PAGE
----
Speeding toward Stromberg, I was less than a kilometer from my exit when a car ahead blew its engine, eclipsing the foreground behind an opaque cloud of dense white smoke. I hit the flashers and braked gently before entering the cloud and losing all visibility. Fortunately, I emerged unscathed to find that the driver, a young woman, had pulled well off the road and was already standing clear of her disabled vehicle-textbook good behavior. One reason grand touring is more fun on the Continent than in the States is that German drivers, each having invested more than a thousand dollars and twenty-five to forty-five hours of professional instruction plus twelve hours of classroom instruction to obtain a driver's license good for life, tend to be a lot more skilled than your average American laboring to keep his SUV off the rumble strips. Accelerating into the exit, I noted that the Bentley's air filters had done an admirable job of excluding the smell of burning oil from the cockpit.
I repaired to the little inn in Stromberg run by Johann Lafer, one of Winkler's competitors for the top of the German culinary totem pole. The place seemed claustrophobic at first, with access via a narrow stone bridge (more sonar protests), cramped parking among fleets of SL500s and BMWs, and an airless little room with flawed plumbing, but its front garden opened out onto an expansive view over the Rhineland, and its kitchen was a marvel. The headwaiter approached me in the bar and went over the menu with about the same degree of attention one might pay to selecting the options for a new Bentley. Speaking of which, I'd go with the metallic paint and monochrome interior-the dark ones with their multicolor upholstery look antique-and the rear console, adding a personalizing touch such as a small refrigerator or a cigar humidor.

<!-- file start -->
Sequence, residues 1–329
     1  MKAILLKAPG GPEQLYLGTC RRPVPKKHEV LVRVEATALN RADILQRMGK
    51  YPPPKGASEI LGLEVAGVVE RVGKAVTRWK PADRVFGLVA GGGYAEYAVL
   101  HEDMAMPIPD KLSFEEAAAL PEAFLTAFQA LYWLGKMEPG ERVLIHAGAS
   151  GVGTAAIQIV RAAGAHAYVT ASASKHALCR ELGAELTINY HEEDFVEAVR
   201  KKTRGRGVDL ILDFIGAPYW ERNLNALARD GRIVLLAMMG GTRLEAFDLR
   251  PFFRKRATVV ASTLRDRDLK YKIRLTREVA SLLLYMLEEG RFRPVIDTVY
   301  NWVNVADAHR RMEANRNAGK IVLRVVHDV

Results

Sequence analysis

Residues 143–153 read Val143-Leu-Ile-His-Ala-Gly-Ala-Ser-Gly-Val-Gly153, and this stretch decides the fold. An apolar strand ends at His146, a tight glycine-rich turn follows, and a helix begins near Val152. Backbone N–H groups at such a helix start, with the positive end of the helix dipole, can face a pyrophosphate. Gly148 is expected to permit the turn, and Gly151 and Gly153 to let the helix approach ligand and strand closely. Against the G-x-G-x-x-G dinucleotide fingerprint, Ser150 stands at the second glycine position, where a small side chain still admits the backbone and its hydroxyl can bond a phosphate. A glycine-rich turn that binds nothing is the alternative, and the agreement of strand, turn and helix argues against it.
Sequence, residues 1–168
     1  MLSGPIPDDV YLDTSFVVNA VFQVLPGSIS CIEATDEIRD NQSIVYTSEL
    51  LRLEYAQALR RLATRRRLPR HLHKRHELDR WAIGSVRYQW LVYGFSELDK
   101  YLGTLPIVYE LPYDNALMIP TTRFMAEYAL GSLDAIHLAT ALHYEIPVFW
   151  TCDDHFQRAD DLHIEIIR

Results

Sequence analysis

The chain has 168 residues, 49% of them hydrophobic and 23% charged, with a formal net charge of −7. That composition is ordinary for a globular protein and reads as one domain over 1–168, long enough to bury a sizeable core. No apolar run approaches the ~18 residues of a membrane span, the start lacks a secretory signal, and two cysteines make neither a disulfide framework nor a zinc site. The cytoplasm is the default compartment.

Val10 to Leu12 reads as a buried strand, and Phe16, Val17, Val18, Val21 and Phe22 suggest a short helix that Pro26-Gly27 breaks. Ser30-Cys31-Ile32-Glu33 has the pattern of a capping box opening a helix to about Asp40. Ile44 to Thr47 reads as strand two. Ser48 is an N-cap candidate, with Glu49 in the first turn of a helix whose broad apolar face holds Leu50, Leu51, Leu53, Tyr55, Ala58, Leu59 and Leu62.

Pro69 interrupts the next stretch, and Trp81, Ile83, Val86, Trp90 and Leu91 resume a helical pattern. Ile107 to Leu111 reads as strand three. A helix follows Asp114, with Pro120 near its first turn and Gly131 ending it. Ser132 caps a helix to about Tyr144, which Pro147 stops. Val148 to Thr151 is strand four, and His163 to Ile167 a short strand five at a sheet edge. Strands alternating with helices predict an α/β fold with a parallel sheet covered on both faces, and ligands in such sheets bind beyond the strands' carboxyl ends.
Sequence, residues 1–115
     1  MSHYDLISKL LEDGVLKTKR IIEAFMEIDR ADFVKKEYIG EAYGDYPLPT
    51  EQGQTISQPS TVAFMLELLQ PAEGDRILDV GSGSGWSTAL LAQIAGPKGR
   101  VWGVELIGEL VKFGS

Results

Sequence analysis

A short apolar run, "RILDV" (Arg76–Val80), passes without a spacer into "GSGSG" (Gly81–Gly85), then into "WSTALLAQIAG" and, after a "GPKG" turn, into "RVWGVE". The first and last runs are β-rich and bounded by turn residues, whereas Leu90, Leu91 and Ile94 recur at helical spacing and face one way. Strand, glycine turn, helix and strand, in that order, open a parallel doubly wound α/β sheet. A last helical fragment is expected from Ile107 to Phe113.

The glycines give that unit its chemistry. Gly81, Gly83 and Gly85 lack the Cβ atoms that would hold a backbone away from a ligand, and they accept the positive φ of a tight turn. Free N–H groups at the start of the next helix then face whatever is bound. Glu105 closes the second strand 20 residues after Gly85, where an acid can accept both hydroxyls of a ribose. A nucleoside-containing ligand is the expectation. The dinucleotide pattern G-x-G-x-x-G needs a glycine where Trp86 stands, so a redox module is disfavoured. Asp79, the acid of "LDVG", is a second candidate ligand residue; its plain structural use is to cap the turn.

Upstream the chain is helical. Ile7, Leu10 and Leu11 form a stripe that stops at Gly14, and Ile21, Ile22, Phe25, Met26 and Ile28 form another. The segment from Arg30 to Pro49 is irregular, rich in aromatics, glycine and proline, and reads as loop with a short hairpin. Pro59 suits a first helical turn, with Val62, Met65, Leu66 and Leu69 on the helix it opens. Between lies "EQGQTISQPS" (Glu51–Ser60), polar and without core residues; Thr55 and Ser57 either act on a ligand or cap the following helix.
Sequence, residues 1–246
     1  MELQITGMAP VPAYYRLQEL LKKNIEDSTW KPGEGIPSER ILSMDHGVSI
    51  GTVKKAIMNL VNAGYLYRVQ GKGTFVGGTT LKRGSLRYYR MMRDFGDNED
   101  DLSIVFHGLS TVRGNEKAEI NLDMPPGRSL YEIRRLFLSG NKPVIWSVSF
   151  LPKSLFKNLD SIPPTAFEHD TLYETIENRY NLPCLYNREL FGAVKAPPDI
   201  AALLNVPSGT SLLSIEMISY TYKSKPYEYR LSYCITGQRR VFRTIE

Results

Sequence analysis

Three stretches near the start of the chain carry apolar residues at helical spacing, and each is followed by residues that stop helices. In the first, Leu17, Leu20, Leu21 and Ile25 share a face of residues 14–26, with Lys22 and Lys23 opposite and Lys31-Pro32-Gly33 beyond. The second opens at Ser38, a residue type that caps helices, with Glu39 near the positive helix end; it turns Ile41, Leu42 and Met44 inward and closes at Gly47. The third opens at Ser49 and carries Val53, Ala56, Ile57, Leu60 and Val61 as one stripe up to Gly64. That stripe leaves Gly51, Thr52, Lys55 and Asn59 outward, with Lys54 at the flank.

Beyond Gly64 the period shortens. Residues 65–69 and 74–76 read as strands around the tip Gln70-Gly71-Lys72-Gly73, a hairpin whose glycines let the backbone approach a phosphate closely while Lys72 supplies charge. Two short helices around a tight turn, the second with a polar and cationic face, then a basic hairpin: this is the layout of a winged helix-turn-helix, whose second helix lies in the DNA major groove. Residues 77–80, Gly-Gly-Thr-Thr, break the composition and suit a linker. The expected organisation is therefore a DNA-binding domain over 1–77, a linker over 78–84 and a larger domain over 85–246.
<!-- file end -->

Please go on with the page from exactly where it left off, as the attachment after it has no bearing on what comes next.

At dawn of the final day of my miniature grand tour, feeling I now knew the Bentley well enough to stretch it out properly, I took a long river road full-blast. Some thirty miles in-to it, passing a tour bus trailed by a half-dozen cars, I found myself in a decreasing-radius turn closing on a roundabout at speed. OK, baby, let's see what happens if I'm as good as you are. Modulate the braking to carry nine-tenths speed into the roundabout, squeeze onto full throttle by the apex, touch the brakes to get the howling front tires to bite, catch the big car's small drift, and exit lustily, until we're doing 150 by the glittering river. Boy, she sure can dance.
At an overlook, I gazed down the Rhine, reflecting that its famous hilltop castles originally had been built, almost within sight of one another, to intimidate freight boats into paying the tolls and tariffs that kept Germany in the caboose of the industrial revolution for a century or more. Once Germany wised up and got into the free-trade game, it soon equaled and then surpassed Britain in steel production, eventually excelling in auto production as well. From those origins, a dichotomy emerged: the Brits made elegantly appointed cars with lovely suspensions and interiors but relatively frail mechanical and electrical systems, while German autos were more durable but less lovable. What we have in the Bentley is the best of both worlds: GTs with old-style English elegance, assembled in Crewe, with hearts of German steel.
I strapped in, pressed the starter button, programmed the nav for the Munich airport-five hours away, it estimated-set the dampers and transmission on high performance, checked the mirrors, and rolled back onto the open road. Redlining up through the gears, I found myself thinking of the last words of Viennese philosopher Ludwig Wittgenstein, who was no motorist but made many long journeys of the mind. "Tell them," he said, "I've had a wonderful life."